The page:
An after-school literacy program : investigating the experiences of students with literacy difficulties, their volunteer tutors, and the tutors' transition into the teaching profession
Gallagher, Tiffany L.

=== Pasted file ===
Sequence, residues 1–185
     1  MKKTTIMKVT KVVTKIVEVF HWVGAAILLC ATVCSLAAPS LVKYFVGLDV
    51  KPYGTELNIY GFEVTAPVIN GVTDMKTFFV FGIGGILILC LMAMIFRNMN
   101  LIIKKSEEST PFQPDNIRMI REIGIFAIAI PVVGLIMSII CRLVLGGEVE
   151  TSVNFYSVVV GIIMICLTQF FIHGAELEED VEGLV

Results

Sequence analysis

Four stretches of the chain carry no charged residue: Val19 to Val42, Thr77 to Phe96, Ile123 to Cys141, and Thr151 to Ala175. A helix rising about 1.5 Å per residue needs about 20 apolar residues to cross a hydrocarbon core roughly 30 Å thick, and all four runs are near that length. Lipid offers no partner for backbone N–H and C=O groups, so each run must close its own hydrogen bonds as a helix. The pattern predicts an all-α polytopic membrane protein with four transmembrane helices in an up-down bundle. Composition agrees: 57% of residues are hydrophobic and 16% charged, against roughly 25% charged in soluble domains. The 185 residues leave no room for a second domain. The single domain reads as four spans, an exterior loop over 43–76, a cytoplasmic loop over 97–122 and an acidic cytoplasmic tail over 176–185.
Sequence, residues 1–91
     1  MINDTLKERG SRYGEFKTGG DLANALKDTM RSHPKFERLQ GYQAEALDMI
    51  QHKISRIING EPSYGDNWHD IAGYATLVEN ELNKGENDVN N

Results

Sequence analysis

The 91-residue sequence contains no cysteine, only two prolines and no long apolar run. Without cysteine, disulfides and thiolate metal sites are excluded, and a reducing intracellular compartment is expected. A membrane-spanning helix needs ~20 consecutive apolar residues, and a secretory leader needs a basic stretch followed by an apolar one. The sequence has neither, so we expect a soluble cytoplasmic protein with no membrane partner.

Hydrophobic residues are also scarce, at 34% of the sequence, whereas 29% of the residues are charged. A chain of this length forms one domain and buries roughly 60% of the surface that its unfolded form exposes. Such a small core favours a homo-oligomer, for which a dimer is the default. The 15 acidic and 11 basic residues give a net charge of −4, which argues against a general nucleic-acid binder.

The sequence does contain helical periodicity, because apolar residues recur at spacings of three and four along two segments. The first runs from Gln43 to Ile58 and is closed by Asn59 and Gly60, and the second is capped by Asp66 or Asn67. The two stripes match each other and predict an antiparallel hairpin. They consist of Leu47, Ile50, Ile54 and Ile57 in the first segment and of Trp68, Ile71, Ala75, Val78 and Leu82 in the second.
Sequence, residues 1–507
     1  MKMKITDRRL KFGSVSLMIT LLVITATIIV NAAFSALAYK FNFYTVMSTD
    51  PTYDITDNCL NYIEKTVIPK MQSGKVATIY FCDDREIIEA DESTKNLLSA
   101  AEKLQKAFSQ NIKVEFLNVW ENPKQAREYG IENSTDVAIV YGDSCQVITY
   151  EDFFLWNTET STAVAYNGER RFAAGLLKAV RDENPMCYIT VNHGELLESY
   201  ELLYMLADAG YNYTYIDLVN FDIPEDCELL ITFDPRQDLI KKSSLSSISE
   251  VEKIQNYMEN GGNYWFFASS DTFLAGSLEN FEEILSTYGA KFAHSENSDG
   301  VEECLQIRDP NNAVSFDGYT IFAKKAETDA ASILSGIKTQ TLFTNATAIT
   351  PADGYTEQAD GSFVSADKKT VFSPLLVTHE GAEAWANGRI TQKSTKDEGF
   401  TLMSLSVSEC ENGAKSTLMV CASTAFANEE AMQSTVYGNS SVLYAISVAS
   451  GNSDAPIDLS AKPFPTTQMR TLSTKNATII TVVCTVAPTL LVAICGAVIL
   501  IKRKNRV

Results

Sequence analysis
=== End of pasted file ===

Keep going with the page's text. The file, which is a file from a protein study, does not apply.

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This research responds to a pervasive call for our educational institutions to provide students with literacy skills, and teachers with the instructional supports necessary to facilitate this skill acquisition. Questions were posed to gain information concerning the efficacy ofteaching literacy strategies to students with learning difficulties, the impact of this training on their volunteer tutors, and the influence of this experience on these tutors' ensuing instructional practice as teacher candidates in a preservice education program. Study #1 compared a nontreatment group of students with literacy difficulties who participated in the program and found that program participants were superior at reading letter patterns and at comprehending the elements of story grammar. Concurrently, the second study explored the experiences of 19 volunteer tutors and uncovered that they acquired instructional skills as they established a knowledge base in teaching reading and writing, and they affirmed personal goals to become future teachers. Study #3 tracked 6 volunteer tutors into their pre-service year and identified their constructions, and beliefs about literacy instruction. These teacher candidates discussed how they had intended to teach reading and writing strategies based on their position that effective teaching ofthese skills in the primary grades is integral to academic success. The teacher candidates emphasized the need to build rapport with students, and the need to exercise flexibility in lesson plan delivery while including activities to meet emotional and developmental requirements of students. The teacher candidates entered their pre-service education with an initial cognition set based on the limited teaching context of tutoring. This foundational ii perception represented their prior knowledge of literacy instruction, a perception that appeared untenable once they were immersed in a regular instructional setting. This disparity provoked some of the teacher candidates to denounce their teacher mentors for not consistently employing literacy strategies and individualized instruction. This critical perspective could have been a demonstration of cognitive dissonance. In the end, when the teacher candidates began to look toward the future and how they would manage the demands of an inclusive classroom, they recognized the differences in the contexts. With an appreciation for the need for balance between prior and present knowledge, the teacher candidates remained committed to implementing their tutoring strategies in future teaching positions. This document highlights the need for teacher candidates with instructional experience prior to teacher education, to engage in cognitive negotiations to assimilate newly acquired pedagogies into existing pedagogies.
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